So, is there a relationship between inflation and the Federal Debt held by Federal Reserve Banks?

Inflation vs. Federal Debt held by Federal Reserve Banks

Nope. No relationship there, either.

So, what does cause inflation?

Here’s one hint:

Inflation (blue) vs. Spot Crude Oil Price (orange).

That’s more like it. Notice how the peaks and valleys of inflation generally match up with the peaks and valleys of oil prices.

Of course, the match is not perfect because oil prices, which closely are related to oil shortages, are not the sole cause of inflation.

Today’s inflation is related to the shortages not only of oil, but also of food, labor, shipping, computer chips, and other vital resources. And that gives you the answer to the question, “What causes inflation?”

Inflation always is caused by shortages of key commodities, most often food and energy, along with other supplies. Inflation never is caused by “too much money,” never by federal spending, and never by federal deficits and debt.

Not only do shortages, not money supply, always cause inflation, but inflation can be cured by federal deficit spending to cure shortages and to distribute the scarce items.

Currently, the federal government is trying to ease inflation by distributing oil from the Strategic Petroleum Reserve. This is an example of government spending, because the government previously had deficit-spent to acquire that oil.

The government can reduce the shortages of food and shipping by strategic spending to aid growers and shippers. The government can spend to bring more computer chip manufacturing to our shores.

If the government would eliminate the nonsensical, useless FICA tax, (and act that would increase the federal deficit and debt) that would effectively raise salaries and encourage more people to come to work, thus easing the labor shortage.

In summary, all the worries about federal deficit spending causing inflation are completely misplaced and in most cases, dishonest. They are nothing more than an attempt to widen the Gap between the rich and the rest.

Finally, if federal deficit spending does not cause inflation, what does federal deficit spending do?

Federal deficit spending helps prevent and cure recessions:

Gold line shows increases and decreases in federal deficit spending. Vertical gray bars indicate recessions.

When federal deficit growth declines we have a recession, which is cured by a deficit growth increase.

The federal government, unlike state/local governments, cannot run short of U.S. dollars. It can pay any debt denominated in dollars, simply by creating dollars.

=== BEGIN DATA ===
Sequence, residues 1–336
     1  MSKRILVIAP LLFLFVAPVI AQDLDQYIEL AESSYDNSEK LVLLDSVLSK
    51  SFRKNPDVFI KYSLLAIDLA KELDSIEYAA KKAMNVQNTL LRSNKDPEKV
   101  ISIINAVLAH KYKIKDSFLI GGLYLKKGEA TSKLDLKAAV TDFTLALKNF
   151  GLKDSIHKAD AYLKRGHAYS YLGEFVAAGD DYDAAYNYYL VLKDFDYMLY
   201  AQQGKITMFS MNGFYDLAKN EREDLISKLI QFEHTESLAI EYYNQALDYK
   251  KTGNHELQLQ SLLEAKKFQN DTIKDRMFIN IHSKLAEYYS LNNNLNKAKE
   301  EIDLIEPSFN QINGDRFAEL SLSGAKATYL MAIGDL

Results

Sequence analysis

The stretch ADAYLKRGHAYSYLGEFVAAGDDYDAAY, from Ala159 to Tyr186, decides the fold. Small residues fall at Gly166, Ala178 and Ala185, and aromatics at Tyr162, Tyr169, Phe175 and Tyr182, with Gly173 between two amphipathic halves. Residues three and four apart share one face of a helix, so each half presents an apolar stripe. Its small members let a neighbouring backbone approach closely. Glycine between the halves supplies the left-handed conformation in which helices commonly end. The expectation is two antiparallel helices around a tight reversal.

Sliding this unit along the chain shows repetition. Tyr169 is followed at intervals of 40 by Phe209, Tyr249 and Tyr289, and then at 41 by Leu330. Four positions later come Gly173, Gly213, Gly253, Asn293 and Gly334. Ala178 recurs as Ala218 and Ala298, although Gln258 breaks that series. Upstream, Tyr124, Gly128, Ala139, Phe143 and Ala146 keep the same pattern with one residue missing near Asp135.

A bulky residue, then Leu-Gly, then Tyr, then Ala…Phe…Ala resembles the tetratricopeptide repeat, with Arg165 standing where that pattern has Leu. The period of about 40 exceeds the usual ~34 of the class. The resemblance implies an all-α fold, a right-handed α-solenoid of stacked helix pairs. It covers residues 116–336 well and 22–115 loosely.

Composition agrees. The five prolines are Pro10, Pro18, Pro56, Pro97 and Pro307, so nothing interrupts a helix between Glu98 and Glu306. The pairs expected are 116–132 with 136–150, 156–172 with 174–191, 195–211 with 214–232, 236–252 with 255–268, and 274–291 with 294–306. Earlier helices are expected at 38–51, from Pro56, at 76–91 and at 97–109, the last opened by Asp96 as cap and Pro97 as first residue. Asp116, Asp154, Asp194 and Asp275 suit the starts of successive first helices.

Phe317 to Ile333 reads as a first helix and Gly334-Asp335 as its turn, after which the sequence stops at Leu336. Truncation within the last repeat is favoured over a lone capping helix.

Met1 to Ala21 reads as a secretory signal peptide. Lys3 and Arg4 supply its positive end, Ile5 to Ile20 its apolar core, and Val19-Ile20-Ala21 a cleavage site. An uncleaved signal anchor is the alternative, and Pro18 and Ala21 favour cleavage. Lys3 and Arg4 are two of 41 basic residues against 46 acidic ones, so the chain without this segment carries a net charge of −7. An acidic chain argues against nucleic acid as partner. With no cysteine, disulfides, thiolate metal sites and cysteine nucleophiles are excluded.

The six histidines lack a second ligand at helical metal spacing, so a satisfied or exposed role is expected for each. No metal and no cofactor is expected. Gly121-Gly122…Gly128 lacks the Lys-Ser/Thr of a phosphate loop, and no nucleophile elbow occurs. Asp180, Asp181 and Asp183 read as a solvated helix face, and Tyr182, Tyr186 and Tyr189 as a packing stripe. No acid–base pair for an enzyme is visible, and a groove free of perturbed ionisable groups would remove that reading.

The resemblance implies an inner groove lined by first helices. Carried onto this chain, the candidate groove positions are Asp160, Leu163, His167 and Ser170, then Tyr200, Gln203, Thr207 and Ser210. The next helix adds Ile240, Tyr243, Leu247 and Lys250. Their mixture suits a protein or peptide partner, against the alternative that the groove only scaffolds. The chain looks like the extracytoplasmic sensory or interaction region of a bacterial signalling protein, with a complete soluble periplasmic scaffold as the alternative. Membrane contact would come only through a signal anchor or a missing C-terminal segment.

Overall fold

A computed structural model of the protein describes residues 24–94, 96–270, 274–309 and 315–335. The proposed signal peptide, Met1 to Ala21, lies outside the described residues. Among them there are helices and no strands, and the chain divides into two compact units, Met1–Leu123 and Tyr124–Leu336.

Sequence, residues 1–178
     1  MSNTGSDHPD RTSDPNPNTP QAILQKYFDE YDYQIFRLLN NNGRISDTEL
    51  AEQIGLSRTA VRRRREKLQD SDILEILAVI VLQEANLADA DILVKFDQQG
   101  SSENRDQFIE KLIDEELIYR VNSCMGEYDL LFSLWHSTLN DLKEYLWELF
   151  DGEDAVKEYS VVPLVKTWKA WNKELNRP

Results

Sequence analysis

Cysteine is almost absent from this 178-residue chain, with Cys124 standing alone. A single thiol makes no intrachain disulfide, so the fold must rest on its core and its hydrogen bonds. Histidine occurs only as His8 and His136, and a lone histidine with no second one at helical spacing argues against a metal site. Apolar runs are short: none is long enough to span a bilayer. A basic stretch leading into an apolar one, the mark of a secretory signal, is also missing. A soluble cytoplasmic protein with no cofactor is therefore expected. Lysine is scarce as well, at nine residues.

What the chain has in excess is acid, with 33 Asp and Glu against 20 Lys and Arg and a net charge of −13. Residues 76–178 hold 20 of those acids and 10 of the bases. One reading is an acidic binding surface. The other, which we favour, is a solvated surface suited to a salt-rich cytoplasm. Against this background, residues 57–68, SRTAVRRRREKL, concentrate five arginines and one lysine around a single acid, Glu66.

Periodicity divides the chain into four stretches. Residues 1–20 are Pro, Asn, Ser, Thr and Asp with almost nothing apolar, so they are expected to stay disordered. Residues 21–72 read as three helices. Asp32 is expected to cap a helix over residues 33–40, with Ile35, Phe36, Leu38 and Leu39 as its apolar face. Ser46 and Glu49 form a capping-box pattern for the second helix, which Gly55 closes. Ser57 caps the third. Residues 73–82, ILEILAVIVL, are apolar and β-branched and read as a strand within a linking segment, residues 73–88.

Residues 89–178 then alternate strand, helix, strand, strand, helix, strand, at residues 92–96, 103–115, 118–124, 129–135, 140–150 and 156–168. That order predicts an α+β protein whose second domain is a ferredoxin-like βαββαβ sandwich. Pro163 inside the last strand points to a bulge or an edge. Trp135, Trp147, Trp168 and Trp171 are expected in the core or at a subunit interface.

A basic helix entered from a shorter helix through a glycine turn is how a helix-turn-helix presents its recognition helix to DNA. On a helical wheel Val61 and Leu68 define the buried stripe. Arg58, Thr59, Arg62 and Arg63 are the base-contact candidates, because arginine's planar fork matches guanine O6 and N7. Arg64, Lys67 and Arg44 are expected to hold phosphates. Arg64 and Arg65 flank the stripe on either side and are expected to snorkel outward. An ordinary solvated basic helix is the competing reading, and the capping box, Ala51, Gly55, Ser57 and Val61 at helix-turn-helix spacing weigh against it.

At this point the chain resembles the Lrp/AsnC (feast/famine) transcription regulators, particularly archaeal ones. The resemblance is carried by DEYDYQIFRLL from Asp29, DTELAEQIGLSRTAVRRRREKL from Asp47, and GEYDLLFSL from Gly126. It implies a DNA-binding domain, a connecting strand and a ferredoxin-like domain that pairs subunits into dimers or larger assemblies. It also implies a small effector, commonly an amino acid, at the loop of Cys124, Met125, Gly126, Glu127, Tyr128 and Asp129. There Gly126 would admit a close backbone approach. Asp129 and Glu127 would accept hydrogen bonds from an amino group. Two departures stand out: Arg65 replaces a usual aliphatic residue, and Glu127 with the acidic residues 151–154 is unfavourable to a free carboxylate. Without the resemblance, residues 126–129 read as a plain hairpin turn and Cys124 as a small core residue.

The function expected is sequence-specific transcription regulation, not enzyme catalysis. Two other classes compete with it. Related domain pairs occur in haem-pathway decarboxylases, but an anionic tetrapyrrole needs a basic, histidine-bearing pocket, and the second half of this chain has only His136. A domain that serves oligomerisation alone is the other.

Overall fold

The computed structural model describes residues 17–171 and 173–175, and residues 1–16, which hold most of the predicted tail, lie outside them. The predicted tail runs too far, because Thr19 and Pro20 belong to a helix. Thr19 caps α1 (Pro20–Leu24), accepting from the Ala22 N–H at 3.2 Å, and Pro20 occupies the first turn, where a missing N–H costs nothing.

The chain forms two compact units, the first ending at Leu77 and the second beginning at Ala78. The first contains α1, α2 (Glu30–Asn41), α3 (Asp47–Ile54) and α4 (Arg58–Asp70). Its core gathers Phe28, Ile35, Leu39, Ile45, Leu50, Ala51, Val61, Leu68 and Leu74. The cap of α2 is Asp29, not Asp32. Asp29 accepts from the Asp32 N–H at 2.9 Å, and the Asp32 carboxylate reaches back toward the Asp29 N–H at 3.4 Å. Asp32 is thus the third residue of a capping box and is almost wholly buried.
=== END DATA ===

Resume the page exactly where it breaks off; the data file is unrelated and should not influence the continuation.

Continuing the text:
Though state/local government taxes fund state/local government spendinng, federal taxes do not fund federal spending. Unlike state/local tax dollars, federal tax dollars are destroyed upon receipt by the Treasury.

No evidence supports the belief that “too much” federal deficit spending causes inflation. On the contrary, federal deficit spending can prevent and cure inflations.

Additionally, federal deficit spending can prevent and cure recessions and depressions.

There is no financial reason ever to restrict federal spending. The false belief that federal finances are similar to state/local government finances and personal finances is fostered by the very rich, who strongly influence the government via bribery.

The rich wish to widen the Gap between them and the rest of the citizenry. The wider the Gap, the richer are the rich. It is the fundamental reason why the rich bribe the politicians, the media, and the economists.

Rodger Malcolm Mitchell
Monetary Sovereignty
Twitter: @rodgermitchell
Search #monetarysovereignty
Facebook: Rodger Malcolm Mitchell



The most important problems in economics involve:

  1. Monetary Sovereignty describes money creation and destruction.
  2. Gap Psychology describes the common desire to distance oneself from those “below” in any socio-economic ranking, and to come nearer those “above.” The socio-economic distance is referred to as “The Gap.”

Wide Gaps negatively affect poverty, health and longevity, education, housing, law and crime, war, leadership, ownership, bigotry, supply and demand, taxation, GDP, international relations, scientific advancement, the environment, human motivation and well-being, and virtually every other issue in economics. Implementation of Monetary Sovereignty and The Ten Steps To Prosperity can grow the economy and narrow the Gaps:

Ten Steps To Prosperity:

  1. Eliminate FICA
  2. Federally funded Medicare — parts A, B & D, plus long-term care — for everyone
  3. Social Security for all
  4. Free education (including post-grad) for everyone
  5. Salary for attending school
  6. Eliminate federal taxes on business
  7. Increase the standard income tax deduction, annually. 
  8. Tax the very rich (the “.1%”) more, with higher progressive tax rates on all forms of income.
  9. Federal ownership of all banks
  10. Increase federal spending on the myriad initiatives that benefit America’s 99.9% 

The Ten Steps will grow the economy and narrow the income/wealth/power Gap between the rich and the rest.


4 thoughts on “Will the “Build Back Better” bill and “too much” federal debt cause inflation? An examination of myths.

  1. I overheard someone at the library in Dubuque saying they thought ‘Build Back Better’ sounded like a fitness plan. Could be: https://www.rikkicortese.com/build-back-better Crossed into the Land of Lincoln yesterday and saw just outside Galena a kookmobile truck covered with signs and stickers with fifteen (three rows of five) flagpoles in the back flying a variety of vulgar Trump flags. Truly inspiring… especially the one placard that appeared to show a beached whale with Pritzker’s face on it.


  2. Just ONCE I would like to see one of these big names like Reich or Goolsby engage in a discussion/debate about Monetary Sovereignty without scratching their head as if they don’t know anything about it. The situation of economists is like that of Trumpers and all liars who won’t admit reality out of fear of reprisal. The courage to speak out wanes.